Plan for game center renews debate over what businesses are best in downtown

MASTER OF THE GAME <br>Robert Feder, who hopes to turn the vacant storefront at 201 Main St. into an upscale entertainment center, had already spent $25,000 on the venture when he learned downtown business owners were protesting the non-retail use.

Robert Feder, who hopes to turn the vacant storefront at 201 Main St. into an upscale entertainment center, had already spent $25,000 on the venture when he learned downtown business owners were protesting the non-retail use.

photo by Tom Angel

Game plan: The way Dr. Robert Feder has it planned, there would be three levels of play at Mind Games. Two dollars would buy the right to spend one and one-half hours playing high-tech video games for $3 to $4 a game. For $5, players could stay for an hour longer and get the games at half-price. For $9, you’d be there four hours playing the games at no additional cost. Everyone would get a free soda.

Dr. Robert Feder thought his idea for an upscale video game center in downtown Chico would be a good thing for a town lacking in alcohol-free entertainment. But instead, the Chico dentist’s plan set him square against business owners who believe that the highly visible corner of Main and Second streets should remain dedicated to retail uses.

So far, most of Feder’s $200,000 vision is on paper, which he went over in the still-vacant storefront as pulled-apart boards sat amid about a dozen smooth, black, custom-made armchairs—$5,000 worth—that he ordered when he thought his plan was a done deal.

It would take $2, $5 or $9 to gain entry to Mind Games, which Feder is calling an “electronic entertainment and gaming center,” as opposed to the stereotype-laden “video arcade.” There’d be a snack bar with a jukebox over there, Feder said, gesturing toward the wall facing Second Street. And to the right of that, a mini-theater where DVDs would play continuously. There’d be a handful of coin-operated table games, like pool, foosball and air hockey, but the centerpiece of Mind Games would be PlayStation 2, Nintendo Cube and Microsoft X-Box, in “stations” centered on high-definition TVs as large as 61 inches.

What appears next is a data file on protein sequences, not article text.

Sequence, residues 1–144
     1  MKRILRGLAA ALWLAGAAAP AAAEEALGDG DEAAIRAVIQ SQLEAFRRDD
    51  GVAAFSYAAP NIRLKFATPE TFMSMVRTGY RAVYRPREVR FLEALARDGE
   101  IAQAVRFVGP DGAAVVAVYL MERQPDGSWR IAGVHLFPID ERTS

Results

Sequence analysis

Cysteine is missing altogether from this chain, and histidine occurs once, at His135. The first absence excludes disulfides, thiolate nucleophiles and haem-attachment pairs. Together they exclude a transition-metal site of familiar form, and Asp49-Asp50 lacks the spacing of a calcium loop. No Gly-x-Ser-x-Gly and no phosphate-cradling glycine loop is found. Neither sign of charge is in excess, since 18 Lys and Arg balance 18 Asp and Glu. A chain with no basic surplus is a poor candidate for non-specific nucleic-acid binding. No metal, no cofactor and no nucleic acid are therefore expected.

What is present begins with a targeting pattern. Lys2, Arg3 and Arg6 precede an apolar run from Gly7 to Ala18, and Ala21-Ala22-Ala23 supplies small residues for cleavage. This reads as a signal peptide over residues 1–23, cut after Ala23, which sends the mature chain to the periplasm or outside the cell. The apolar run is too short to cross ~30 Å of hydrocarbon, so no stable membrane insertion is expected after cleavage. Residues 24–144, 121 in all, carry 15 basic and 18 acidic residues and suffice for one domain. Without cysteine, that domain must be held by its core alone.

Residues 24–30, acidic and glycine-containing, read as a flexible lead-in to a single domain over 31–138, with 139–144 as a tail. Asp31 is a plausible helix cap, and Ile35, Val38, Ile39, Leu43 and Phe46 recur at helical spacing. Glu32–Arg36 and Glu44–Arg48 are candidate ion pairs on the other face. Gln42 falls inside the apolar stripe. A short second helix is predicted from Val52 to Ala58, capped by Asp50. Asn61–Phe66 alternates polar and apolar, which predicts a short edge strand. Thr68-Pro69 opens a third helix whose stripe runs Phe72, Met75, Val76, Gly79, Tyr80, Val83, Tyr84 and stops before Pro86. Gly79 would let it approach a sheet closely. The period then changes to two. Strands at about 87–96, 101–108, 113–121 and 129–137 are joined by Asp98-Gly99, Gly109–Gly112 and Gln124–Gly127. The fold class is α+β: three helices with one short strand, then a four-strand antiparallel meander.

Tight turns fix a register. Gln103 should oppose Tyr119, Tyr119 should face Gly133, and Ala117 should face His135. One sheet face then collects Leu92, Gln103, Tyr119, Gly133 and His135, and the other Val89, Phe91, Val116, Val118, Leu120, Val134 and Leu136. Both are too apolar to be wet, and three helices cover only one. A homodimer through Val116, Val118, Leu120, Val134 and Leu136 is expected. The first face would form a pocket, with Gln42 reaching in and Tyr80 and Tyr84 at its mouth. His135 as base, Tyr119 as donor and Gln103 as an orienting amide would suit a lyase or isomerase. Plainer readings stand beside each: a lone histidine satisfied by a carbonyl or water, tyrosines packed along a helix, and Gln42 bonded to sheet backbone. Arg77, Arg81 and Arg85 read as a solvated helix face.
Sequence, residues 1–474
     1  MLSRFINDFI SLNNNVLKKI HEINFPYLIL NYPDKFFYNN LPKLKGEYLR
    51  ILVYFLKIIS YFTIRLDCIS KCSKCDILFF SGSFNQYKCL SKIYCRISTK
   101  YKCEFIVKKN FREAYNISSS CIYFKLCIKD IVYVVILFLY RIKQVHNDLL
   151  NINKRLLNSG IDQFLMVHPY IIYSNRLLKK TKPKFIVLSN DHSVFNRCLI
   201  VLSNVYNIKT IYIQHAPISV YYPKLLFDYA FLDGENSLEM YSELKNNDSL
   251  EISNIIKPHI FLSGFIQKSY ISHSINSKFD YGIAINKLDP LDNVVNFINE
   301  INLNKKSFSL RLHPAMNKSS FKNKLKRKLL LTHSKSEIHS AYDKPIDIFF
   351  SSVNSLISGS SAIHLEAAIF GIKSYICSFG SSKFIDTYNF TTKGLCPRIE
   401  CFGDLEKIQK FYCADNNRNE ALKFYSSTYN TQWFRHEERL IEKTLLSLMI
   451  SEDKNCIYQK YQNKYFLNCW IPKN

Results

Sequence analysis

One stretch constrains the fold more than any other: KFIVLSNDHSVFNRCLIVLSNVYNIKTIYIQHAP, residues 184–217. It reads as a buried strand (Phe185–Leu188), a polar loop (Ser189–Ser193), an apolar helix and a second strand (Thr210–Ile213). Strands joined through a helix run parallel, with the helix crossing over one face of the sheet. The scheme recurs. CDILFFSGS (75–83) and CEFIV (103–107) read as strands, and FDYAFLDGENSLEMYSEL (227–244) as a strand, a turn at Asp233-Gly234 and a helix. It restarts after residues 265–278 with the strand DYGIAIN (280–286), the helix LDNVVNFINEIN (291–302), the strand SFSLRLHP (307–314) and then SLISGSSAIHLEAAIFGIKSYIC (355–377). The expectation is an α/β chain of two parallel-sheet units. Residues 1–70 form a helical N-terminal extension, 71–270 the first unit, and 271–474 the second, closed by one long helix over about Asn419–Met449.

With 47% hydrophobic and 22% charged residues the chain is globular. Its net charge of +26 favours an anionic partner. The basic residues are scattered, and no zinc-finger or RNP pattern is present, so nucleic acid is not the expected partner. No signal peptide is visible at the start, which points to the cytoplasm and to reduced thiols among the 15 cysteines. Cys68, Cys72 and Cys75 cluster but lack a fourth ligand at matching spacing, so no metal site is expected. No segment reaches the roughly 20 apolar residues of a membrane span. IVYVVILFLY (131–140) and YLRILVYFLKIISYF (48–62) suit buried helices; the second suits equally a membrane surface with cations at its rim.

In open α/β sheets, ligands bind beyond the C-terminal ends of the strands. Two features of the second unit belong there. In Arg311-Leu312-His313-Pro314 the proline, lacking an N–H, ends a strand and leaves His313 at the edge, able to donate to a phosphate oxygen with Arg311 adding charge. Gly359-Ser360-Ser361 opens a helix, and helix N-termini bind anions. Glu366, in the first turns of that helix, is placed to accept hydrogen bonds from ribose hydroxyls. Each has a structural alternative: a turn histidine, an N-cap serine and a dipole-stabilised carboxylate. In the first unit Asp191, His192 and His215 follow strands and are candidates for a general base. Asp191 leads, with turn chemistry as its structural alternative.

But Feder’s plan was derailed Sept. 20 when the Chico Planning Commission voted 4-3 to approve an appeal of the use permit city staff had granted the business.

The following Monday, Feder filed an appeal of his own: He’s asking the City Council to reconsider the commission’s decision and let the game center go ahead.

“This was supposed be something real simple,” said Feder, sounding first perplexed and then frustrated. The city’s zoning officer quickly gave the stamp of approval, Feder said, and he expected nothing but smooth sailing and a September opening.

But the appeal, filed by Bob Malowney, who owns the Bird in Hand gift shop on Broadway, sent the application to the Planning Commission.

The business required a use permit because it fell under the category of indoor entertainment, which is regulated by the city.

Pam Figge, a senior planner for the city of Chico, said that while staff did believe it was appropriate to grant the use permit, with some conditions, “if we had our best use for the building, it would be retail, no doubt.”

The city commissioned a study in 1995 that found that downtown Chico was bar-heavy and retail uses should be encouraged.

Malowney said in an interview that downtown merchants don’t have the time or staff to further that cause, and aren’t professional planners anyway, so the city should be “more proactive” in seeing that vacancies go to retail, and in downtown planning in general.

Furthermore, he said, he has no problem with Feder’s business. Rather, it’s that Mind Games would take a storefront that could otherwise go to a retail use. “We need to preserve the retail space,” he said. “The fabric of our community depends on like businesses being together.”

Malowney said there has been an “erosion” of retail’s presence in the downtown. When Access Dental set up shop at the corner of Second and Broadway streets in 1999, Malowney complained too late. He told himself that the next time a use that didn’t further the downtown’s mission came up, he’d speak out. It happened to be Feder’s business.